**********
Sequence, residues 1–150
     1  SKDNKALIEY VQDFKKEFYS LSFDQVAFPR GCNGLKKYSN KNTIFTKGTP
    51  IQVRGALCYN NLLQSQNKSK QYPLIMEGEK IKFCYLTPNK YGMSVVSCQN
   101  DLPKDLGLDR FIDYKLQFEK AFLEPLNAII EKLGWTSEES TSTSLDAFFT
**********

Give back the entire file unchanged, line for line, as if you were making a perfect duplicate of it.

Sequence, residues 1–150
     1  SKDNKALIEY VQDFKKEFYS LSFDQVAFPR GCNGLKKYSN KNTIFTKGTP
    51  IQVRGALCYN NLLQSQNKSK QYPLIMEGEK IKFCYLTPNK YGMSVVSCQN
   101  DLPKDLGLDR FIDYKLQFEK AFLEPLNAII EKLGWTSEES TSTSLDAFFT